Appellant later commenced this 42 U.S.C. Sec. 1983 action, alleging violations of his rights under the Fourth and Fourteenth Amendments to be free from an unreasonable seizure. Count I of the complaint charged Officers Long and Vanalmsick in their individual capacities with violating these rights. Count II set forth a failure to train claim against St. Louis County, Missouri, as well as various other defendants.

Prior to trial, the district court granted the Count II defendants' motions for summary judgment. At trial, the district court granted Officer Vanalmsick's motion for a judgment as a matter of law. The jury returned a verdict in favor of Officer Long, the only remaining defendant. Appellant appeals.

Page 647

II. DISCUSSION

  1. Judgment as a Matter of Law

    Appellant contends that the district court erred in granting judgment as a matter of law to Officer Vanalmsick. Appellant argues that a jury question remained concerning whether Officer Vanalmsick was liable for an unreasonable seizure because he set in motion a chain of events which culminated with Appellant being shot. The district court granted Vanalmsick judgment as a matter of law because he did not "seize" Appellant. The district court observed that Vanalmsick did not physically restrain Appellant, did not fire the shots that stopped the Appellant's movement, and in fact, did not even touch Appellant during the encounter. (Trial Tr. at 185-86.)

    We review de novo a district court's decision to grant judgment as a matter of law. Medtronic, Inc. v. ConvaCare, Inc., 17 F.3d 252, 255 (8th Cir.1994).

    Judgment as a matter of law is appropriate only where the nonmoving party has presented insufficient evidence to support a jury verdict in his or her favor, and this is judged by viewing the evidence in the light most favorable to the nonmoving party and giving him or her the benefit of all reasonable inferences from the evidence, but without assessing credibility.

    Abbott v. City of Crocker, 30 F.3d 994, 997 (8th Cir.1994).

    The gravamen of Appellant's constitutional claims is that Officers Vanalmsick and Long employed excessive force in the course of subduing him. In Graham v. Connor, 490 U.S. 386, 395, 109 S.Ct. 1865, 1871, 104 L.Ed.2d 443 (1989), the Supreme Court held that "all claims that law enforcement officers used excessive force--deadly or not--in the course of an arrest, investigatory stop, or other 'seizure' of a free citizen should be analyzed under the Fourth Amendment and its 'reasonableness' standard...." As a necessary predicate to determining whether the district court erroneously granted Officer Vanalmsick a judgment as a matter of law because he did not...

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    • United States
    • Federal Cases United States District Courts 10th Circuit District of New Mexico
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    ...officers to use the best technique available as long as their method is reasonable under the circumstances."); Schulz v. Long , 44 F.3d 643, 649 (8th Cir. 1995)("[T]he Fourth Amendment inquiry focuses not on what the most prudent course of action may have been or whether there wer......
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    ...officers to use the best technique available as long as their method is reasonable under the circumstances.”); Schulz v. Long, 44 F.3d 643, 649 (8th Cir. 1995)(“[T]he Fourth Amendment inquiry focuses not on what the most prudent course of action may have been or whe......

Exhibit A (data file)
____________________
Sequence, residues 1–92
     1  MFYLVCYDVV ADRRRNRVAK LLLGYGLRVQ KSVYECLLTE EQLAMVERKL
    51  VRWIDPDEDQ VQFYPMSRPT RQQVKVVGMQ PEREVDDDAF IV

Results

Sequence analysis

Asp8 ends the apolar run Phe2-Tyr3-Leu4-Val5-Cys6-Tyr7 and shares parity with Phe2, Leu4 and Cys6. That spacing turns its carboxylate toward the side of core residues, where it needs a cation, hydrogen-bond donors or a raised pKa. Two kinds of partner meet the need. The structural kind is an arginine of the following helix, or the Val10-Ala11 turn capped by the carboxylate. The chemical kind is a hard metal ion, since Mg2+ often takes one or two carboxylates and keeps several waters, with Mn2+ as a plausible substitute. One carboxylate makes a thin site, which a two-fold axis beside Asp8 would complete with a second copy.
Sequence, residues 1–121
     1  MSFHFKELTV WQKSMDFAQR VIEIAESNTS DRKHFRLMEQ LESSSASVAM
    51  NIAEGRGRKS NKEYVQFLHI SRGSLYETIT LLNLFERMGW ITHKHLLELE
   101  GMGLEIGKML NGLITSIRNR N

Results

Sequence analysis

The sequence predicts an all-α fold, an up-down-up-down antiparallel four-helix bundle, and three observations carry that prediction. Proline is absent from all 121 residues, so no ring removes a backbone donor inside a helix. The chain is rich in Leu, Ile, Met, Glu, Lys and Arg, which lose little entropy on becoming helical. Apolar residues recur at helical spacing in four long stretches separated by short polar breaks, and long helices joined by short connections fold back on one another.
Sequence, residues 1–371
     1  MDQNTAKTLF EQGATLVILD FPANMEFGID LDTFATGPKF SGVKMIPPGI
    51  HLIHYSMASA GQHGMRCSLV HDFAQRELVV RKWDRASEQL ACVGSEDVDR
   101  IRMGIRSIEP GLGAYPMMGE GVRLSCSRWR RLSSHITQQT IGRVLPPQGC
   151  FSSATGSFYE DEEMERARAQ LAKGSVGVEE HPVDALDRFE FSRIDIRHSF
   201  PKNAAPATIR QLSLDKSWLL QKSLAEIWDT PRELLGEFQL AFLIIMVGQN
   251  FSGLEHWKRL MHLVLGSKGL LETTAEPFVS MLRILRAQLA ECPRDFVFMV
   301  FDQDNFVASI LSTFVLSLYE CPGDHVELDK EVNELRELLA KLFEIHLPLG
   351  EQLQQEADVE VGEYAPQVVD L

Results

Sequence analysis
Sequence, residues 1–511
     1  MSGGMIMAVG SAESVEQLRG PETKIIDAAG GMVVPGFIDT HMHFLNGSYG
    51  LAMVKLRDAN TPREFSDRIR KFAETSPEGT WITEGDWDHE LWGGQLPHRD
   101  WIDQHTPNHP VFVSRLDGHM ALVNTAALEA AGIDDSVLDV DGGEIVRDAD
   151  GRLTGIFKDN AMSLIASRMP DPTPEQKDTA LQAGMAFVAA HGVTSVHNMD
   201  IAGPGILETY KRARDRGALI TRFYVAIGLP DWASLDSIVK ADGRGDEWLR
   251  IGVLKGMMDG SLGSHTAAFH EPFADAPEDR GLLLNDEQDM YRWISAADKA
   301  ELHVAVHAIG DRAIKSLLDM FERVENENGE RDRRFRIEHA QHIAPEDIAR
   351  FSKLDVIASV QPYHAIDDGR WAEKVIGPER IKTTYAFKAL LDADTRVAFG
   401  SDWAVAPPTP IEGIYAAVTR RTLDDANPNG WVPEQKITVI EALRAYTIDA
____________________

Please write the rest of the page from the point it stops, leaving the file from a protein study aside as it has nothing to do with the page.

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    • 24 Junio 2014
    ...or recklessly continuing with a course of treatment that is ineffective can amount to an Eighth Amendment violation. See Greeno v. Daley, 44 F.3d 645, 655 (7th Cir. 2005). Although the Court is concerned with Plaintiff's continued pain and hearing impairment, relative to whether a temporary......
  • 612 F.Supp.2d 1026 (N.D.Iowa 2009), C 07-4059-MWB, Leventhal v. Schaffer
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    • Federal Cases United States District Courts 8th Circuit
    • 24 Marzo 2009
    ...physically touched by law enforcement officers or when he otherwise submits to a show of authority by the officers." Schulz v. Long, 44 F.3d 643 (8th Cir.1995) (citing Hodari D., 499 U.S. at 626, 111 S.Ct. 1547). However, " [a]n assertion of authority by a law enforcement officer ......
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86 cases
  • J.H. ex rel. J.P. v. Bernalillo County, 070814 NMDC, CIV 12-0128 JB/LAM
    • United States
    • Federal Cases United States District Courts 10th Circuit District of New Mexico
    • 8 Julio 2014
    ...officers to use the best technique available as long as their method is reasonable under the circumstances."); Schulz v. Long , 44 F.3d 643, 649 (8th Cir. 1995)("[T]he Fourth Amendment inquiry focuses not on what the most prudent course of action may have been or whether there wer......
  • United States v. City of Albuquerque, 061220 NMDC, CIV 14-1025 JB\SMV
    • United States
    • Federal Cases United States District Courts 10th Circuit District of New Mexico
    • 12 Junio 2020
    ...officers to use the best technique available as long as their method is reasonable under the circumstances.”); Schulz v. Long, 44 F.3d 643, 649 (8th Cir. 1995)(“[T]he Fourth Amendment inquiry focuses not on what the most prudent course of action may have been or whe......
  • Postlewaite v. Cole, 062414 ILSDC, 14-cv-00717-NJR
    • United States
    • Federal Cases United States District Courts 7th Circuit Southern District of Illinois
    • 24 Junio 2014
    ...or recklessly continuing with a course of treatment that is ineffective can amount to an Eighth Amendment violation. See Greeno v. Daley, 44 F.3d 645, 655 (7th Cir. 2005). Although the Court is concerned with Plaintiff's continued pain and hearing impairment, relative to whether a temporary......
  • 612 F.Supp.2d 1026 (N.D.Iowa 2009), C 07-4059-MWB, Leventhal v. Schaffer
    • United States
    • Federal Cases United States District Courts 8th Circuit
    • 24 Marzo 2009
    ...physically touched by law enforcement officers or when he otherwise submits to a show of authority by the officers." Schulz v. Long, 44 F.3d 643 (8th Cir.1995) (citing Hodari D., 499 U.S. at 626, 111 S.Ct. 1547). However, " [a]n assertion of authority by a law enforcement officer ......